Early Eighteenth-Century Newspaper Reports compiled by Rictor Norton

A Fight between a Gentleman and a Coachman

23 April 1726
As the best of Gentlemen cannot escape the insults of a carman, and a man of honour is often dash’d out of countenance by a coachman’s rhetorick; I cannot but send you word how one of these blustering Jehu’s was served the other day by a rich Harlequin: This gentleman keeps a coach of his own, and rumbling through the street in an hurry ran foul on a dray, which occasion’d some Hockley-Hole complements [sic] betwixt the two drivers, but the Harlequin knowing his servant’s strength inferior to his own dexterity, very orderly stripp’d into a buff, stept out of his coach, and challeng’d the drayman to decide the controversy; but as love and battles found the best in poetry, and the gentleman’s profession lying at the fountain of Parnassus, I thought I could do no less than draw a sketch of the battle in the following colours.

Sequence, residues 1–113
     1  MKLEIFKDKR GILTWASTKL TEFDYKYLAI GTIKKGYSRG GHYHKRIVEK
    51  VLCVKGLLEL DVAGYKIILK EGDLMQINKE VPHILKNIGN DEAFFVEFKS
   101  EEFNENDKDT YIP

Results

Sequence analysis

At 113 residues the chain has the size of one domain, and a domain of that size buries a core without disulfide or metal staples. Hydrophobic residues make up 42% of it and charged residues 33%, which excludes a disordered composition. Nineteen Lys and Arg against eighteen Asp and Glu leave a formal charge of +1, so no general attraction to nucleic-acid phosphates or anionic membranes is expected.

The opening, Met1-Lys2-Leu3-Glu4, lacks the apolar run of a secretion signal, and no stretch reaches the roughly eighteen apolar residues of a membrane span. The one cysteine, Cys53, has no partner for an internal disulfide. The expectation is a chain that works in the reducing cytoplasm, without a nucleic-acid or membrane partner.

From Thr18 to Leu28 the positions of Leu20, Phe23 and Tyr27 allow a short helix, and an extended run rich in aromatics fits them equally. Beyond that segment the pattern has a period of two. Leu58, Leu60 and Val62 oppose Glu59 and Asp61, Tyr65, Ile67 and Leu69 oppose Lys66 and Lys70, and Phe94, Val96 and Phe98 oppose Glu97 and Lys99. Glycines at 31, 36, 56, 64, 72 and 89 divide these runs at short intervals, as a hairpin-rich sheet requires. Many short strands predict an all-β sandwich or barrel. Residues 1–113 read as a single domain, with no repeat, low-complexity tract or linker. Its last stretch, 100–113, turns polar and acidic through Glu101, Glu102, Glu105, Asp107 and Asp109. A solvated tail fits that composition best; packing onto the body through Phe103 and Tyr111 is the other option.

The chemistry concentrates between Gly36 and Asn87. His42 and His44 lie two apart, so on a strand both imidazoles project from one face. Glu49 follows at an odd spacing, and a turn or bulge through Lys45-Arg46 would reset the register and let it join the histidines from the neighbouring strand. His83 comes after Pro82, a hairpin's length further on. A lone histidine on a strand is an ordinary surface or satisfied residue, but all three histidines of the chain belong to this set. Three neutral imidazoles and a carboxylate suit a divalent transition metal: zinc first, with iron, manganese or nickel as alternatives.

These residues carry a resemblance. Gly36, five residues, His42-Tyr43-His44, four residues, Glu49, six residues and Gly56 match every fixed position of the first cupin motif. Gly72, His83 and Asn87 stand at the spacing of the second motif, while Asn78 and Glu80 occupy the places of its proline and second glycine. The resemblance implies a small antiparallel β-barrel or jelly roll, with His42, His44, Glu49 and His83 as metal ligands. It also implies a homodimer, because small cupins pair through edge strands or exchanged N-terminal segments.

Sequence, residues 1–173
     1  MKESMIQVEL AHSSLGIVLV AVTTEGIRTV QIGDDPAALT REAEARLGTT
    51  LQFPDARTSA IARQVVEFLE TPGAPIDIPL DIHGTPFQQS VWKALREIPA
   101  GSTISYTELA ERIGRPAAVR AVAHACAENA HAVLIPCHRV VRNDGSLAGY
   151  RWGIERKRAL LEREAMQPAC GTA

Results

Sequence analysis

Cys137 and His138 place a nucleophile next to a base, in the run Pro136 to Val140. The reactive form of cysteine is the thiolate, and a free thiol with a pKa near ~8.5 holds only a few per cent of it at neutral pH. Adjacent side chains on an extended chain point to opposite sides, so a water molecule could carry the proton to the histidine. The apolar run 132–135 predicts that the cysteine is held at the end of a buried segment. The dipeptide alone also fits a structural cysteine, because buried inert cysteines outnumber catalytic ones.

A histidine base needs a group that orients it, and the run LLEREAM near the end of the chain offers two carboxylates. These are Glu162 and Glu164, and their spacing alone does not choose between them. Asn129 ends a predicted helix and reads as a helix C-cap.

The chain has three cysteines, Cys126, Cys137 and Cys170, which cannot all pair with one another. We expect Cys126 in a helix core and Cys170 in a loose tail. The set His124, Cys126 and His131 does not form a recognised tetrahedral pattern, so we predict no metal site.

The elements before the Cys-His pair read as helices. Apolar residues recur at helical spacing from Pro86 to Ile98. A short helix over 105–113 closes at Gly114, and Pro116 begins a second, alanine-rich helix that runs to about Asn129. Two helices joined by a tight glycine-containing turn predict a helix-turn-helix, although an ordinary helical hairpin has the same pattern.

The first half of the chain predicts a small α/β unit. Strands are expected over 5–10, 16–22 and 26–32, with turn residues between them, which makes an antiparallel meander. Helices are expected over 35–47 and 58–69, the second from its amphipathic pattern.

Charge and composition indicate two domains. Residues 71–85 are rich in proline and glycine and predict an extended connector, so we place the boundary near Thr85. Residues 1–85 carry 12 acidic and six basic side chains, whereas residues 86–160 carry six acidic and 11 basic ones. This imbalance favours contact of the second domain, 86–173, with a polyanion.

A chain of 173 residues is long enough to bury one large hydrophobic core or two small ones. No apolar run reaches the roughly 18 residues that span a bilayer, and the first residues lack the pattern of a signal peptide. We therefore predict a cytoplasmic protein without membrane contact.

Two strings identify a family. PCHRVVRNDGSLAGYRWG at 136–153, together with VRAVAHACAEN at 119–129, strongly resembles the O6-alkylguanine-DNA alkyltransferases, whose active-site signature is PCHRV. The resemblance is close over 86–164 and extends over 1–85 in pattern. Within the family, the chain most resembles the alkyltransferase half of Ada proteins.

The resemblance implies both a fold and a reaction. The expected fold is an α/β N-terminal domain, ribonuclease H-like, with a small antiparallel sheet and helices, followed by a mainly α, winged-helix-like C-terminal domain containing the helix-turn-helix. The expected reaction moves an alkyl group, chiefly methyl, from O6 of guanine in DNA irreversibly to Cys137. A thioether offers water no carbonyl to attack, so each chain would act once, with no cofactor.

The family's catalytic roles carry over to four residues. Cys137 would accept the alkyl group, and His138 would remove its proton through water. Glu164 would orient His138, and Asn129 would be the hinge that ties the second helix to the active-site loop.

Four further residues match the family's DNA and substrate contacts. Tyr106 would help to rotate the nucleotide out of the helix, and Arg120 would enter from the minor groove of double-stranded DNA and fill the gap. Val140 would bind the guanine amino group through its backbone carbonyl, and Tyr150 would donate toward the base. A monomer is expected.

We stood amaz’d to see the pleasant fun
’Twixt Gee the driver, and the nimble Lun;
Gee thought with hammer-first to strike him dead,
But Lun took wing and flew right o’er his head,
Gee mist his blow, and with the fury hurl’d,
Enough to send him to the other world,
But reassuming courage rais’d his fist,
With desperate stroke to strike antagonist,
Which Lun perceiving, mist his bloody thumps,
Vaunts as before, and o’er his head he jumps;
This cost poor Gee another plaguy fall,
Which made him swear, and vext him to the gall,
Confound his heels, said he, Ods blood and ounds,*
He fights not, stands not, yet he breaks my bones;
By Dobbin’s heart, I'll kiss the Devil’s breech,
Before I'll fight again with Lun, or ——.
     *God's blood and wounds

     [The Weekly Journal, or The British Gazetteer]

(Texts have been modernized with regard to capitalization, italicization, and punctuation, but original spelling has been retained. This edition copyright Rictor Norton. All rights reserved. Reproduction for sale or profit prohibited. These extracts may not be archived, republished or redistributed without the permission of the compiler.)

CITATION: Rictor Norton, Early Eighteenth-Century Newspaper Reports: A Sourcebook, "A Fight between a Gentleman and a Coachman", 23 April 2002 <http://grubstreet.rictornorton.co.uk/lowlife6.htm>

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